I got to meet some really amazing women this weekend. As much as I love working with my amazing male colleagues, there is always something different about being able to sit down with other women who have shared the experiences that are often difficult to explain to people who haven’t had them. Even better, many discussions I had were advice and solution-driven, “I had $foo experience, here’s how I handled it.” Awesome.
Elizabeth Krumbach

In the book Lean In, there’s a section about the difficulty of being liked vs being respected when you are a woman leader. This discussion was by far the best large-group of the day for me, and extremely well-moderated. I wrote down lots of phrases: bossy, “risk theater”, damning with faint praise… There was the start of a great discussion about dog whistle adjectives, adverbs and verbs that subtly and not-so-subtly remind women of their role and place.
Selena Deckelmann (see also her reception report)

We said many things [during the “Startups” session], but the one that stayed with me was reminding ourselves it is never too late to start. You can succeed even If you did not start your learning/business/start-up before you reached your early 20s. And it is very possible that you will accomplish many victories, since you already have experience in many other fields.
Andrea Arzaba

I met many, many amazing women of all ages from all walks of life who are doing amazing things… but for now want to express how thankful I am for the opportunity to attend. AdaCamp was an inspiring experience which I won’t soon forget.
Emily Gonyer

Ranging from open education to open government, learning python to open hardware, work cultures for women, to women centric maker spaces (the one I really wanted to be a part of); the range was broad and exciting. I proposed two sessions: on angry young women, and on women centric maker spaces. A fun session where I learned things: soft circuits (and e-textile – with no stereotypes attached :P )
Noopur Raval

The sessions were amazing but even more amazing were the AdaCampers themselves. I met strong, capable, brilliant people who have passion for a variety of things but who were all brought together to participate in this unique event. They each brought their own experiences and their own expertise. The unconference was stronger because we weren’t all alike and we didn’t experience things in the same way.

I can’t sum up my conference experience easily, but it was powerful on various levels. This is the first time they’ve had an “ally track”–apparently in the previous two conferences, there were some issues with even well-intended men changing the tone significantly… so the allies track was something of an experiment. For me, at least, it was a hugely successful experiment… I was pleasantly surprised by… [h]ow many folks there who were not only highly motivated and passionate about open source, but were equally as motivated to change open source tech environments so that they are more diverse — not only along gender lines, but also around race, class, queerness, etc.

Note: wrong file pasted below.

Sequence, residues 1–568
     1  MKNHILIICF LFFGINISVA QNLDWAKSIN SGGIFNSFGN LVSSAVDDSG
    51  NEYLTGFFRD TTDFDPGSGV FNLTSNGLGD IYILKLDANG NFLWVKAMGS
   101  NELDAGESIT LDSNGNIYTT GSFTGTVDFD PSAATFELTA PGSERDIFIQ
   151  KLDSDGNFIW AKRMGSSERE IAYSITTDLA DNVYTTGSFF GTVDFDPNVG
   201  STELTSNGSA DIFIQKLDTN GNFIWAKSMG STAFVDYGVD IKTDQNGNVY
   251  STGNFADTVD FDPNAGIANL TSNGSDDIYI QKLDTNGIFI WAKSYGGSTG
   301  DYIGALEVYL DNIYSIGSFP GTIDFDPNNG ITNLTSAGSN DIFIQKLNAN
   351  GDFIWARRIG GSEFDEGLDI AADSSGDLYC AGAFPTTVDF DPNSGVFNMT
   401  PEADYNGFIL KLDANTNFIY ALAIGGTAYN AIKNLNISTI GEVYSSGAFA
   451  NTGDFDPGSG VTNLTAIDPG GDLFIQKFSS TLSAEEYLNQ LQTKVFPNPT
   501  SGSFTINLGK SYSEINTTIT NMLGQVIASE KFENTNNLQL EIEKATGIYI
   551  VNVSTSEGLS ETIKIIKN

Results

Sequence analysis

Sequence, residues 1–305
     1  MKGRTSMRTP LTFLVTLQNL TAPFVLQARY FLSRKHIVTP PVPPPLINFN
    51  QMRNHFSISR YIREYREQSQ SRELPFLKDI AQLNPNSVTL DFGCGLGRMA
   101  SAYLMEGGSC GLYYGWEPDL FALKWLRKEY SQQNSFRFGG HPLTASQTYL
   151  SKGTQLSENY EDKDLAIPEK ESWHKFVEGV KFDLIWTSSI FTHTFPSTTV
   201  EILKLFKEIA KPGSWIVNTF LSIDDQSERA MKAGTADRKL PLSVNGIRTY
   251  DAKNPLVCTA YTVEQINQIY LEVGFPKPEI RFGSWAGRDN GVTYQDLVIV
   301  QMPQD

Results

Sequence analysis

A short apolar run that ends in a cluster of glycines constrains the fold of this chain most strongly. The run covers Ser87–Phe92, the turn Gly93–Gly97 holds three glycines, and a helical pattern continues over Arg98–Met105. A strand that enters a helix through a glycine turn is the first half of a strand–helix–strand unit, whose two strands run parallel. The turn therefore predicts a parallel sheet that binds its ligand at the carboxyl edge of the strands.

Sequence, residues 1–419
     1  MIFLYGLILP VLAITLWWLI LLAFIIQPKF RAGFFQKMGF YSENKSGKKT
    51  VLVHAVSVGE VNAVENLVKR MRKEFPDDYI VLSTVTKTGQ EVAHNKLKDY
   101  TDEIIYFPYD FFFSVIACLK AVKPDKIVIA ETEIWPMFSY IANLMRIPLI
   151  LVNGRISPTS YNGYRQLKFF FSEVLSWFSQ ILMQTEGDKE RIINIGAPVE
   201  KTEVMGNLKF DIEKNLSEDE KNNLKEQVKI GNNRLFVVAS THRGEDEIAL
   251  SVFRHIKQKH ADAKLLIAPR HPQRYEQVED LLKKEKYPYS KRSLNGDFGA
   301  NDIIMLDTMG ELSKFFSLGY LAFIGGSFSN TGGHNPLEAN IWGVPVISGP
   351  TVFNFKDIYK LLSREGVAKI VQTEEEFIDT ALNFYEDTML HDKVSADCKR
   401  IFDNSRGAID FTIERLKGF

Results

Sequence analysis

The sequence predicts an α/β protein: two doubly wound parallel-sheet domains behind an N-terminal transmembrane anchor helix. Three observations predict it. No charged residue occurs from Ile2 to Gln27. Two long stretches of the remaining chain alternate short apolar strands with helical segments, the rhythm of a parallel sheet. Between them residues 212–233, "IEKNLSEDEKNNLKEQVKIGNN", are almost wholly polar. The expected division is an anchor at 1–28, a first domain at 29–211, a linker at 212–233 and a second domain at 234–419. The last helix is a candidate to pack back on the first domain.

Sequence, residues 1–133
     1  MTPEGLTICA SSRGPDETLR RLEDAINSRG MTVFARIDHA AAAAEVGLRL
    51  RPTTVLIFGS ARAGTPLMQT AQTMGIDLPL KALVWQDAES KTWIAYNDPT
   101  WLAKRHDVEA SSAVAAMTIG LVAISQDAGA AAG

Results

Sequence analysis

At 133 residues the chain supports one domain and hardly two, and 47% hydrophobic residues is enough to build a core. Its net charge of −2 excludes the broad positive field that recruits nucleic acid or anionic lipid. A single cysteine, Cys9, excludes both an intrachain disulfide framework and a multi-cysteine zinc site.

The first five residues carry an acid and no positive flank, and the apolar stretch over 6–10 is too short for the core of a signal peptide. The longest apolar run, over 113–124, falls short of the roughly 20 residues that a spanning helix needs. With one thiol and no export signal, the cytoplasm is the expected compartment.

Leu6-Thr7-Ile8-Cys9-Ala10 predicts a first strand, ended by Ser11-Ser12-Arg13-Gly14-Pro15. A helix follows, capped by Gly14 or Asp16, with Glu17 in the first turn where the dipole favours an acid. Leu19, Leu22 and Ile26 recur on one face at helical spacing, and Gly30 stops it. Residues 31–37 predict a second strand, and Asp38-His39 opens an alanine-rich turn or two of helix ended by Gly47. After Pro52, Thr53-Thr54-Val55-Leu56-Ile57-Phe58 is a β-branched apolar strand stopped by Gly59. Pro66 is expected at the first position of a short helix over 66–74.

Jeff Pollett, allies track attendee

Conference resources

After AdaCamp DC, we released our conference booklet and associated materials to help build safe events for women. Following AdaCamp SF, we will also be releasing some accessibility techniques we used to make the conference more accessible to wheelchair users and people with visually impairments, together with further discussion of photography policies for conferences.

Future AdaCamps

“Please have it again and again and again. Everywhere. Thank you!” — Anonymous AdaCamper

We’re thrilled with the increasing success of AdaCamp at bringing women together and developing the current and next generation of women leaders in open technology and culture. AdaCamp is one of the key programs of the Ada Initiative, with huge impact on its attendees and the communities they are involved in. We are developing plans for AdaCamps in 2014 and 2015; if you’d like to be notified of the next AdaCamp, sign up to our announcement mailing list or follow us on Twitter.

Thank you to all of the AdaCamp SF attendees and AdaCamp SF sponsors for giving us the support we needed to run this event and make it what it is. You’re the reason AdaCamp is amazing!

We thank our gold level sponsors Mozilla, Automattic and Google Site Reliability Engineering; and our silver level sponsors Linux Foundation, Red Hat, Intel, and Puppet Labs; for their support of AdaCamp San Francisco.